Changes in psychosocial and physical working conditions and subsequent psychotropic medication
AbstractBackground: We set out this study to examine the associations between changes in psychosocial and physical working conditions and subsequent psychotropic medication in ageing employees. Methods: Data (N=3587; 80% women) were derived from the Helsinki Health Study, which is a cohort study of Finnish employees aged 40-60 years at Phase 1 (2000-2002). Changes in working conditions were assessed between Phase 1 and Phase 2 (2007). Survey data were linked to data on prescribed psychotropic medication (ATC) obtained from the register of the Social Insurance Institution of Finland between Phase 2 and the end of 2013. Outcomes were any psychotropic medication; antidepressants (N06A); anxiolytics (N05B); and sedatives and hypnotics (N05C). Cox regression analyses were performed adjusting for age and sex. Findings: The results showed that repeated exposures to low job control, high job demands and high physical work load were associated with an increased risk of subsequent antidepressant and anxiolytic medication. Increased and repeated exposure to high physical work load, increased job control and repeated high job demands were associated with subsequent sedative and hypnotic medication. Hazard ratios varied from 1.18 to 1.66. Improvement in job control was associated with a lower risk of anxiolytic, but with a higher risk of sedative and hypnotic medication. Decreased physical work load was associated with a lower risk of antidepressant and anxiolytic medication. Discussion: Improvement both in psychosocial and physical working conditions may decrease the risk of mental ill-health indicated by psychotropic medication.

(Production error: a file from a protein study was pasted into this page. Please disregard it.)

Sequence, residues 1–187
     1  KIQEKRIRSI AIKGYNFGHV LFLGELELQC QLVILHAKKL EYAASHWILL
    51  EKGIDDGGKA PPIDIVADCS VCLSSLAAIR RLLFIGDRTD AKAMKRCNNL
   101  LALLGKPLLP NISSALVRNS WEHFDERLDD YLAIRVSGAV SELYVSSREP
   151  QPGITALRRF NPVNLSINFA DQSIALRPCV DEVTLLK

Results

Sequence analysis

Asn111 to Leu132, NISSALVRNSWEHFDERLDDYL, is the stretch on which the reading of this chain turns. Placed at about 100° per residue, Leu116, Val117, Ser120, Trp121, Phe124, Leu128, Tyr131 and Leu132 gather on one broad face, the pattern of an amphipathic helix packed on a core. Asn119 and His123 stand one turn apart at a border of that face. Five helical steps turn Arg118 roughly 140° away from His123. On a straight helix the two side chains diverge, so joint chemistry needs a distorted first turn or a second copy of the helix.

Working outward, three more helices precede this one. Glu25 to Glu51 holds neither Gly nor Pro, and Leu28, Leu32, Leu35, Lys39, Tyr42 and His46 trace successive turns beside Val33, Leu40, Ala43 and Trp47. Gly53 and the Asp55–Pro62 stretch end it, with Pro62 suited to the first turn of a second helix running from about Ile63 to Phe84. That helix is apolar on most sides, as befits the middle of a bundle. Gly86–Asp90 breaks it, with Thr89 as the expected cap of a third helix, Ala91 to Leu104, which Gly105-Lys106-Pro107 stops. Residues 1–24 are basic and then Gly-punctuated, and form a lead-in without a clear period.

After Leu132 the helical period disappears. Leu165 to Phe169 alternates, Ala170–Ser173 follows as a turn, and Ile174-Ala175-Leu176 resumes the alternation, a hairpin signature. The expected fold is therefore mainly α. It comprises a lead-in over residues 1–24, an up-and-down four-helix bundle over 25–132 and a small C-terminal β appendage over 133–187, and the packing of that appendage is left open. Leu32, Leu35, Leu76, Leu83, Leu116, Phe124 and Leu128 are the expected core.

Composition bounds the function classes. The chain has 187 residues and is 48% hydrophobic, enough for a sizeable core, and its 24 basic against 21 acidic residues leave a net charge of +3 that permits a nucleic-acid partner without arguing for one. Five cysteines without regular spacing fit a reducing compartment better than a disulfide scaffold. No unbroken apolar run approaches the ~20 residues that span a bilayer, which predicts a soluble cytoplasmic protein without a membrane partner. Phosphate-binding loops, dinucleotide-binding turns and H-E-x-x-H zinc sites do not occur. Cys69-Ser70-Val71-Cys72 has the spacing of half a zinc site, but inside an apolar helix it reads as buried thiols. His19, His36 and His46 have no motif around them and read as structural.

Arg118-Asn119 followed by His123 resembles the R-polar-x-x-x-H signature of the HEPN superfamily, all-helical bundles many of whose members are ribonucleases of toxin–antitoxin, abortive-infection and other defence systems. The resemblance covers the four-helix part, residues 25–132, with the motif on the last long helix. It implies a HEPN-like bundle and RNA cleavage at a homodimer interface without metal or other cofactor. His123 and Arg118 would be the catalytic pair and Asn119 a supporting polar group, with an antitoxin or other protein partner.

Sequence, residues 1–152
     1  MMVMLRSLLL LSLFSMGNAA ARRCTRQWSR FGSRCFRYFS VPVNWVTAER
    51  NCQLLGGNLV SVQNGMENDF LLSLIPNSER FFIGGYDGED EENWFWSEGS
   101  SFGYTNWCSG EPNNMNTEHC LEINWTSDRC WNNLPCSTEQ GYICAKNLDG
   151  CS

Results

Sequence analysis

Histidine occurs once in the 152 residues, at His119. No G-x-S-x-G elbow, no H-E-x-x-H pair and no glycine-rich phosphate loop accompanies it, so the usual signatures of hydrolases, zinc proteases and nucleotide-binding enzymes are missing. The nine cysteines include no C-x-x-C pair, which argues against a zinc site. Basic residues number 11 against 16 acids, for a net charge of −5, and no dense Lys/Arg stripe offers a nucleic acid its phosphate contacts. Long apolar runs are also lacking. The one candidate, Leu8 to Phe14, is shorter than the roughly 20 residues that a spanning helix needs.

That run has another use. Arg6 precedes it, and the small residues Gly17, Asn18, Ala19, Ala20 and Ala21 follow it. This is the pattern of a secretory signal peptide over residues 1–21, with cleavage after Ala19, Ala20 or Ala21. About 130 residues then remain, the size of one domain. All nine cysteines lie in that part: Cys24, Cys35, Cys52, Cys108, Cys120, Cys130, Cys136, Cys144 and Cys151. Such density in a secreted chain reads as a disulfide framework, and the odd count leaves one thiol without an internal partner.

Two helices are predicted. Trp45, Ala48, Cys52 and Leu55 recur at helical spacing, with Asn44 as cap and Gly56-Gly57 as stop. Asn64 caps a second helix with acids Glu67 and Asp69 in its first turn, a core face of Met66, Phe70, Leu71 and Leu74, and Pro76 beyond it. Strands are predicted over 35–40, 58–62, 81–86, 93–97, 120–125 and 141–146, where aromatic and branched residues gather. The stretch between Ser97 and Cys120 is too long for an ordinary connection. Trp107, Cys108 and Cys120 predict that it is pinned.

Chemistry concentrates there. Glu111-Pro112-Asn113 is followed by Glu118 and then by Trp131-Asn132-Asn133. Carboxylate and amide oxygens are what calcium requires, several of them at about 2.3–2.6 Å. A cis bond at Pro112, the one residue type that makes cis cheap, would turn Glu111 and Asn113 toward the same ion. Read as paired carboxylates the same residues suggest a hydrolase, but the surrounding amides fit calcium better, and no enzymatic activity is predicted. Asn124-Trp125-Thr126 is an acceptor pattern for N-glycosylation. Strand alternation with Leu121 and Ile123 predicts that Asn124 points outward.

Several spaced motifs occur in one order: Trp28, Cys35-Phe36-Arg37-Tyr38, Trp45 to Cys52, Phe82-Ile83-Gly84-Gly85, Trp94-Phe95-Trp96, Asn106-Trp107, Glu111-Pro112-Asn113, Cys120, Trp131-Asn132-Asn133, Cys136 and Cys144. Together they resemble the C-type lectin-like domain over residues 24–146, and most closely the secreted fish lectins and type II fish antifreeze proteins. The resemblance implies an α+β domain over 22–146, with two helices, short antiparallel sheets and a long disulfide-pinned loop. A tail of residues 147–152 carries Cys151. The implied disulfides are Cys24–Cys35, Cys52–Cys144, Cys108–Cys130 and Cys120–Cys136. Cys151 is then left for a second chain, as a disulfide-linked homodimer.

Copyright (c) 2017 A. Kouvonen, M. Mänty, T. Lallukka, E. Lahelma, O. Rahkonen
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